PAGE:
Saturday, 15 August 2009

Landscape or portrait

If I am taking photos of someone who is stood up then I usually work in portrait mode. That's computer language for holding the camera vertically. If I am taking a photo of two people then portrait is still the best orientation for the photo. If there are three or four people then whether you hold the camera vertically or horizontally depends on the background. More than four and it is probably best to take the photo in landscape I am generalising because there are always exceptions but the word 'portrait' for page orientation on computers came from the shape of a face and upper body (of the whole body when standing). On the other hand if you look at a landscape your eye often follows the horizon. Holding the camera horizontally is usually the best way to frame these pictures but you will still find exceptions to this rule.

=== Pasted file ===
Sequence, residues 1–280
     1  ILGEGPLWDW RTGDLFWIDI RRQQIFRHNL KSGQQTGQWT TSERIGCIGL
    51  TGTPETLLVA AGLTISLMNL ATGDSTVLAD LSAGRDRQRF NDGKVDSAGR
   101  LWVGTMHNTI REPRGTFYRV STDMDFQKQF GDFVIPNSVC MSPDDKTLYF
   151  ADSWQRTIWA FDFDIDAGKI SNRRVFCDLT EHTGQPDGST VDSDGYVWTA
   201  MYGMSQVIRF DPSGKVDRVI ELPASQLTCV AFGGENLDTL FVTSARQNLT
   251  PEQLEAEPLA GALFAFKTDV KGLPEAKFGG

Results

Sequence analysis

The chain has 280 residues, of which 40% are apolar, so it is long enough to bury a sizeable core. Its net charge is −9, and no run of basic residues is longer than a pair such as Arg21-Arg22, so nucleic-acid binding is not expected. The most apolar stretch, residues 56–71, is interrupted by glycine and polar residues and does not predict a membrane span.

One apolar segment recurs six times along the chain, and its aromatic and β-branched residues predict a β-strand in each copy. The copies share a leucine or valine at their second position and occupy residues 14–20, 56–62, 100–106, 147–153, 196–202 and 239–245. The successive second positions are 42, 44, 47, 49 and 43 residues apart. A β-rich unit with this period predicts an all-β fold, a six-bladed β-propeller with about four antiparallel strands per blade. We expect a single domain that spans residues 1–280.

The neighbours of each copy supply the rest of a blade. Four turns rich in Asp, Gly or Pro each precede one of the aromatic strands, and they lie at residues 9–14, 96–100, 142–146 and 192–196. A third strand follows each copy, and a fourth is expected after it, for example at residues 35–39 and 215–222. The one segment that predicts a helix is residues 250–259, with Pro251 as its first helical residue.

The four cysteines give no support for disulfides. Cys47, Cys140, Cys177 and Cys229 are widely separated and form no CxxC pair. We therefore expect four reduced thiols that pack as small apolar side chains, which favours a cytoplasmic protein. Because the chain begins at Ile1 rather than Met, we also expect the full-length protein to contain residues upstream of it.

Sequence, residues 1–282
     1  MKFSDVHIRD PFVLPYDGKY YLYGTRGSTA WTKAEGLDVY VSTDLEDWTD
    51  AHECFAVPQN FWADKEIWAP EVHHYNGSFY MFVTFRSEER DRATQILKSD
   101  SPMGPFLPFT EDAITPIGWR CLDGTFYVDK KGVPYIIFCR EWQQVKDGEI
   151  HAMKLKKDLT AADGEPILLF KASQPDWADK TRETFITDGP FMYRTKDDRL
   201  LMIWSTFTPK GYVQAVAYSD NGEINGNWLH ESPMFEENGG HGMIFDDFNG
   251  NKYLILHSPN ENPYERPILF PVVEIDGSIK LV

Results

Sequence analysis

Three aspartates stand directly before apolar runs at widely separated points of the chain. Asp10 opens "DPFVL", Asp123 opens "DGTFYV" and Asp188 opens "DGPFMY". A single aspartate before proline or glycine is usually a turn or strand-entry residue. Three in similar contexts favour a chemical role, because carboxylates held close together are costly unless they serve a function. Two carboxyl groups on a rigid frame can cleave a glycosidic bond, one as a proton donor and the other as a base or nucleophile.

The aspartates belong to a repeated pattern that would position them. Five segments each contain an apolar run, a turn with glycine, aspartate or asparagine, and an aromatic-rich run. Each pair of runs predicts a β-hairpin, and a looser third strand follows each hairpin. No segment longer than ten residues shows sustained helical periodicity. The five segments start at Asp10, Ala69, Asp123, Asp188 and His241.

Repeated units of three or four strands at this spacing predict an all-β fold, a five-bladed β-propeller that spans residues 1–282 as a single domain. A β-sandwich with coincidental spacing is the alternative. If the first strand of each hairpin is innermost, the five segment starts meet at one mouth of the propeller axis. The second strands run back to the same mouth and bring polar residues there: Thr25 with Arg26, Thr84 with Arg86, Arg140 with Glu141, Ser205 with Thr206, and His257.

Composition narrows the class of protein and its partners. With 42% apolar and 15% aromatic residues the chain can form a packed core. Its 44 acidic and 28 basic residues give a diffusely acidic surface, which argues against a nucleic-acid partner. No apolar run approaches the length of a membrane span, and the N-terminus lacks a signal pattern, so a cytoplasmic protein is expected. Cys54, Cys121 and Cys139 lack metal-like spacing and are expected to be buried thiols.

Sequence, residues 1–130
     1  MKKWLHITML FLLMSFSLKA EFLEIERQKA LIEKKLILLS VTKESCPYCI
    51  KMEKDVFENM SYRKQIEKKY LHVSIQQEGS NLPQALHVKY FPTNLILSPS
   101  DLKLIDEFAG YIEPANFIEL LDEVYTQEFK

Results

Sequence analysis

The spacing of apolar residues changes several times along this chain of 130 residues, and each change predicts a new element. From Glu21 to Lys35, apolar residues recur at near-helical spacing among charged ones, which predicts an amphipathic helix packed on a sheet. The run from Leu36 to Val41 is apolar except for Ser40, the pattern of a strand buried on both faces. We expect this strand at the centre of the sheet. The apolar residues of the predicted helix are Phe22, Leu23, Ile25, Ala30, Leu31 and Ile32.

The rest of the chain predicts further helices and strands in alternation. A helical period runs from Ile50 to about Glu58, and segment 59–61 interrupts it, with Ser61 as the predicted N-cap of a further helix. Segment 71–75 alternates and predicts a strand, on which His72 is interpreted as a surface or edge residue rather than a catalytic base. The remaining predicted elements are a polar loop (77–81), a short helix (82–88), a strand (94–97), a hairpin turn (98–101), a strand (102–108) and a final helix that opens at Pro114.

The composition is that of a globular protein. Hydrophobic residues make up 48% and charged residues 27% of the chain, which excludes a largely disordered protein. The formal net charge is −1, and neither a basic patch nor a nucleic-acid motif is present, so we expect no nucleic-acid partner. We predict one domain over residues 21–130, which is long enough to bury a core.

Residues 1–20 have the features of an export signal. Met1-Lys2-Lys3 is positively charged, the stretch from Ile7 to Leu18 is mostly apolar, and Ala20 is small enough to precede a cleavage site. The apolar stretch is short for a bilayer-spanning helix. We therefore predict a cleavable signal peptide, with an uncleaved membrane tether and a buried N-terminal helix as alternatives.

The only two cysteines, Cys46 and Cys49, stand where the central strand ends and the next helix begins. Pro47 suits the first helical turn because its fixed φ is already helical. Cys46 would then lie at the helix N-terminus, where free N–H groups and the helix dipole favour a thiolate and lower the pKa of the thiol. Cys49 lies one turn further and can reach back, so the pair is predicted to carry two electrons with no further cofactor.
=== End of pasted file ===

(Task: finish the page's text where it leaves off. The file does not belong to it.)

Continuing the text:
One of my earliest blogs was about the rule of thirds. The most interesting part of a photo or a painting is often found at the intersections of imaginary lines crossing the photo that divide it into nine boxes. Now take a look at your television. There is no choice here as everything is landscape so how do they deal with people? You can become an expert just by watching TV. Sometimes it just doesn't look ideal. One person in the screen may have their legs cropped out of the photo but nothing of interest to either side of them. However television producers are quite sophisticated. Have you noticed a newsdesk with two presenters. You are getting two portrait images on your landscape television. One presenter does not look quite right so very often there is another image or some words on the screen along with the presenter.

You don't need to stretch our your index fingers and thumbs and place them together to make a rectangle. That is the sort of thing that a film director will do but you can train yourself to find the best orientation just by looking.

Happy snapping

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